Changing clinical features of coeliac disease

Authors


JK Visakorpi, University of Tampere, PO Box 607, SF-33103 Tampere, Finland

Abstract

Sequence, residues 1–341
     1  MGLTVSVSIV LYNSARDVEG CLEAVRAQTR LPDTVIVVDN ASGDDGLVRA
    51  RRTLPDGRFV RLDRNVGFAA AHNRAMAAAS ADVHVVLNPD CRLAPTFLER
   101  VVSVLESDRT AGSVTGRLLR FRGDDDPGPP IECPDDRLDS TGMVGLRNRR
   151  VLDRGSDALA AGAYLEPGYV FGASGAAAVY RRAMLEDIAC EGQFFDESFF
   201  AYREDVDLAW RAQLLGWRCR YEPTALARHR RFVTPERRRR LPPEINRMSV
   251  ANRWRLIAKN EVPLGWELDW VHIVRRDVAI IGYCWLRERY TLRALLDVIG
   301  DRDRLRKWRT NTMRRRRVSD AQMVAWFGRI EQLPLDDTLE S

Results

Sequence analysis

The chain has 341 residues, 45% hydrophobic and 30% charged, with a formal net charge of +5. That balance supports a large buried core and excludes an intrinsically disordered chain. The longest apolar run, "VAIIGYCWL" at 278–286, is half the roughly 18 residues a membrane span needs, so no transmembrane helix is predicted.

The classical clinical picture of coeliac disease includes prolonged diarrhoea with failure to thrive. During the past two decades this type of active presentation of coeliac disease has decreased in many European countries, giving the impression that coeliac disease is a disappearing disease. However, this is not true. The disease can be found in older children with a more or less silent presentation. Silent coeliac disease can be detected by active screening with serological tests. Coeliac disease can be suspected in children suffering from mild gastrointestinal symptoms, such as abdominal pain, and in those with signs of nutritional deficiencies, as well as in children of first-degree relatives of already diagnosed coeliacs, patients with IgA-deficiency, patients suffering from dental enamel hypoplasia or dermatitis herpetiformis, and patients with some other disease known to be associated with coeliac disease, such as diabetes mellitus. According to the fundamental criteria of coeliac disease, the intestinal mucosa is flat when the individual is eating gluten-containing foods. However, this is not strictly true. Intolerance to gluten is obviously variable and the intestinal mucosa may be normal. This type of latent coeliac disease can be detected by analysing genetic markers, measuring antibodies in intestinal fluid or counting the density of intra-epithelial gamma/delta T cells which are increased greatly even in the latent phase of coeliac disease. Thus the general concept of the natural history of coeliac disease is changing.

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